1. RBI to harmonise NBFC regulations: Deputy Governor NS Vishwanathan

RBI to harmonise NBFC regulations: Deputy Governor NS Vishwanathan

There is scope for harmonisation of regulations covering non-banking financial companies (NBFCs) and the Reserve Bank is moving in that direction, Deputy Governor N S Vishwanathan said today.

By: | New Delhi | Published: August 23, 2017 6:00 PM
rbi, nbfc regulations, rbi nbfc regulations, non-banking financial companies, rbi non-banking financial companies, reserve bank of india The RBI had floated a consultation paper in April 2016 on peer to peer (P2P) lending platforms. (Reuters)

There is scope for harmonisation of regulations covering non-banking financial companies (NBFCs) and the Reserve Bank is moving in that direction, Deputy Governor N S Vishwanathan said today. Currently, there are different regulations for various categories of NBFCs, creating scope for arbitrage. “There is a scope for harmonisation of regulations across NBFCs and we are moving in the direction of harmonising some of the regulations. We will get clarity on this sooner than later,” he said at an event organised by Assocham here. He also said there is a need to create some new types of NBFCs to cater to the needs of the growing economy. “We are also required to create some new types of NBFCs because business demands it, situation demands it. It is difficult at this moment to look at it within larger NBFCs,” he said. “So one, we have to create account aggregator as NBFC category. Secondly, we have put out the discussion paper on peer to peer lending platforms. Hopefully, we will finalise the regulations soon,” he said. The RBI had floated a consultation paper in April 2016 on peer to peer (P2P) lending platforms. P2P lending has gathered momentum globally and is taking root in India.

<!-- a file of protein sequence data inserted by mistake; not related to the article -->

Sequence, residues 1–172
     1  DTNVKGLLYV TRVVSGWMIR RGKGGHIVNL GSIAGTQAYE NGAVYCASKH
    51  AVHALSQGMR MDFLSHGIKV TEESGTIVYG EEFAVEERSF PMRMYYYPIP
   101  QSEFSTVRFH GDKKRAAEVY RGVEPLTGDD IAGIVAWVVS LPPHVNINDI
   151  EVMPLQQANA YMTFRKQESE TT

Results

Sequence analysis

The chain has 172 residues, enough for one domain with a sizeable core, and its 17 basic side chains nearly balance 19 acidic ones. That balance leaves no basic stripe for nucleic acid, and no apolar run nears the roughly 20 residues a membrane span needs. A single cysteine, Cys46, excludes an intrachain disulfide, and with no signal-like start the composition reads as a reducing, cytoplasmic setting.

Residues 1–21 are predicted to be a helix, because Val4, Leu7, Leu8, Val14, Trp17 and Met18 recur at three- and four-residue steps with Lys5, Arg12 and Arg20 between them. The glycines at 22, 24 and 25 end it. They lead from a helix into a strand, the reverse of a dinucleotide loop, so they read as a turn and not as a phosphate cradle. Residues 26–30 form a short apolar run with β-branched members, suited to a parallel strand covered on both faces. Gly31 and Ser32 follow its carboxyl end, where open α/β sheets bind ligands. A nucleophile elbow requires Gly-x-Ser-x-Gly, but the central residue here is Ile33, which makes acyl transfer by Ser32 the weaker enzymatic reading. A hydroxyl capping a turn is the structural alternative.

Although nascent in India and not significant in value yet, potential benefits that P2P lending promises to various stakeholders (to borrowers, lenders and agencies) and its associated risks to the financial system are too important to be ignored, the consultation paper said.

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